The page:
The areas in the Wadden Sea where red knots, plump migratory birds, spend the winter are under pressure. The Wadden Sea is changing due to human influences such as mining for gas, tourism and due to sea level rise. Researcher Selin Ersoy, ecologist at the Royal Netherlands Institute for Sea Research (NIOZ) studied how ‘personalities’ of individual red knots differ and affect the way they search for food. Individuals that are fast explorers and take the risk to forage in different areas, also eat different food. This could make the total population of red knots a lot more resilient while their environment is changing. Red knots could copy the food-gathering behaviour of adventurous peers who succeed in new places. “Differences in character between red knots seem to be an important ingredient for the resilience of the whole group,” said Ersoy. For the first time, her study shows that behaviour that was observed in experimental settings corresponds with actual real-life behavioural strategies in the wild, on the mudflats of the Wadden Sea. This week Selin Ersoy defended her Phd thesis at the Groningen University.
Animals also have personalities
Red knots of all ages and sexes show behavioural traits. These remain mostly unchanged over time but differ across individuals. Some individuals are more adventurous and show more exploratory behaviours a in new environment than others. Other individuals take less risks and hardly dare to move around in a new environment. These ‘personalities’ have ecological and evolutionary consequences, but to what extent is largely unknown, because few studies have investigated this in the field.
During her PhD research Selin Ersoy has developed a new way of identifying the variation in personality between individual red knots. She wanted to know if the behaviour in experimental settings could be extrapolated to a larger and more complex natural setting, and how individual differences develop.
“With our new method that allowed studying animal personality in the wild, we found that red knots develop their personality probably through the experience that they get when growing up ,” says Ersoy. “After growing up, adults stick with exploratory behaviours. They seem to be like character types in humans.”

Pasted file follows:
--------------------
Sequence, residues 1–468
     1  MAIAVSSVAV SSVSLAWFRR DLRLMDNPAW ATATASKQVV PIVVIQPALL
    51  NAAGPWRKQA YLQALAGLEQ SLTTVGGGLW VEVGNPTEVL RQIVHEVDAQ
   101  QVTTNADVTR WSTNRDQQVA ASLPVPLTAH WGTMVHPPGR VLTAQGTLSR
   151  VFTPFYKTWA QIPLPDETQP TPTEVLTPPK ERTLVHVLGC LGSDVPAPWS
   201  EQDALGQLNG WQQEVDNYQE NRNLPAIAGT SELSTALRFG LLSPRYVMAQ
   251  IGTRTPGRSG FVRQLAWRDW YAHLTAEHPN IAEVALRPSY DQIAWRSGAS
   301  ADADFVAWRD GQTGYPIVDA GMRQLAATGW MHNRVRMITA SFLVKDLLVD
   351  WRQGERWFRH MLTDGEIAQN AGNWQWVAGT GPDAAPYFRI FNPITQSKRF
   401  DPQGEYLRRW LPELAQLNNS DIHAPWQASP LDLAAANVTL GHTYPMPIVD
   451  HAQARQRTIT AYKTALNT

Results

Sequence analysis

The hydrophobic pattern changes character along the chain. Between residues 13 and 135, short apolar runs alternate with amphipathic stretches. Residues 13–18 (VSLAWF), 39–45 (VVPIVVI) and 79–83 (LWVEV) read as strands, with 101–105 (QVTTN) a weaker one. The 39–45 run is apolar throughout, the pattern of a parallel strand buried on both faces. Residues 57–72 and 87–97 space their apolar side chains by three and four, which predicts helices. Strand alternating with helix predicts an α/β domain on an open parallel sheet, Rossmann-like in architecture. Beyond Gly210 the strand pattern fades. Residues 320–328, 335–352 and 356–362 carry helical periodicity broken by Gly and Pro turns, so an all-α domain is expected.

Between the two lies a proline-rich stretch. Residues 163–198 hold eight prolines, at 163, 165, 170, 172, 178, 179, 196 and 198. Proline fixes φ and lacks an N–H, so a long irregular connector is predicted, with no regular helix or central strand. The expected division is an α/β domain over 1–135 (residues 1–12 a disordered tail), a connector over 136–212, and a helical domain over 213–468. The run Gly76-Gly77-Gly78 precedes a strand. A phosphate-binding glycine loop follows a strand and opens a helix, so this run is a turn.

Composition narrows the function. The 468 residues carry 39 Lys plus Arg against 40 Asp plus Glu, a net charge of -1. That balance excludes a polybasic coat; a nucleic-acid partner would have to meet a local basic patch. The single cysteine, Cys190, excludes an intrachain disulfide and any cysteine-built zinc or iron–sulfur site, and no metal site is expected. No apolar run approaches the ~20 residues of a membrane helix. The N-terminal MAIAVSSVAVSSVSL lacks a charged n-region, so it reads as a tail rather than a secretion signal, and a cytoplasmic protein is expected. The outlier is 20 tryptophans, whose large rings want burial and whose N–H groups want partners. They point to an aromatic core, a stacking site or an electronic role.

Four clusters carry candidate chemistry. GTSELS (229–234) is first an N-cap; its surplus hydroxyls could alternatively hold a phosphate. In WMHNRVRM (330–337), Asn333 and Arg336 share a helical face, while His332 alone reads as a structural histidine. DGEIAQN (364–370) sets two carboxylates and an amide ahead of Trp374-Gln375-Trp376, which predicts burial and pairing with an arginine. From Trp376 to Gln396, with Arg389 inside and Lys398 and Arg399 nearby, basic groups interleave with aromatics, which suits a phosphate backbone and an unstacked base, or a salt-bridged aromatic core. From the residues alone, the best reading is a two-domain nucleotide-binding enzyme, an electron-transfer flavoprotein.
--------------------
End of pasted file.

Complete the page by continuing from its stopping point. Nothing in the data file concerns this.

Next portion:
Explorers eat higher quality food
It was even possible for Ersoy and her colleagues to predict a suit of other behaviours in the wild. For instance, variation in explorative personality type (i.e., slow vs. fast explorer) predicts foraging tactics and dietary choice in the wild. Fast explorers use more visual foraging and eat soft prey such as shrimp or worms, while slow explorers use tactile foraging and feed on hard-shelled prey such as cockles. This is a new explanation for variation in foraging niche specialisation between individuals in the same population.
Exploratory behaviour also relates to variation in movement across the landscape and over time. Ersoy: “We were amazed to see that slow and fast explorers have clearly different movement patterns during the night, while at day they moved more or less the same way. These different individuals even have different arrival times from migration. Fast explorers arrive to the Wadden Sea later than the slower explorers.” Ersoy and her colleagues want to study next where they stay in the meantime. Maybe these red knots take more time to care for their youngs in the Arctic.
The whole group benefits
“We found striking differences in feeding and movement patterns between slow and fast exploring red knots. This suggests that fast explorers might provide foraging information and new foraging opportunities for entire populations,” says Ersoy. “Such new opportunities are important because red knots face pressures from human impact on their coastal wintering habitats, directly related to availability of food. Fast explorers can help the entire population to cope with environmental change.”
Gap closed between controlled experiments and real Wadden Sea
The goal of determining behaviour in experimental setups is to understand the mechanisms behind the behaviour in the wild. Selin Ersoy’s study fills a critical gap between experimental research on wild animals in controlled environments and observed behaviour in the wild.
“It’s a first step. We need to do similar personality research on other animals and on other natural habitats,” says Ersoy. “We want to know if personalities work the same in other species and situations.”
Tracking movements of guillemots with tiny transmitters
Researchers like Selin Ersoy track birds using ultra-small radio transmitters placed on their backs during the summer months. Birds are not bothered by them. Those transmitters send out unique signals. These are received by antennas scattered throughout the Wadden Sea.
WATLAS is a new system that makes use of so-called ‘reverse-GPS’. The tiny transmitters that are temporarily attached to birds transmit a signal of their own. That signal is received by fixed receiving stations in and around the Wadden Sea. Due to the tiny differences in the time of arrival of the signal between different receivers, the position of the animal-with-transmitter is calculated to the accuracy of a few meters, from second to second.
Thanks to WATLAS, researchers can watch a migratory bird such as the red knot move back and forth with low and high tide very precisely in search of food. Because many birds can be fitted with the relatively inexpensive transmitters at the same time, researchers can now see interactions between different animals happening from the comfort of their office chairs.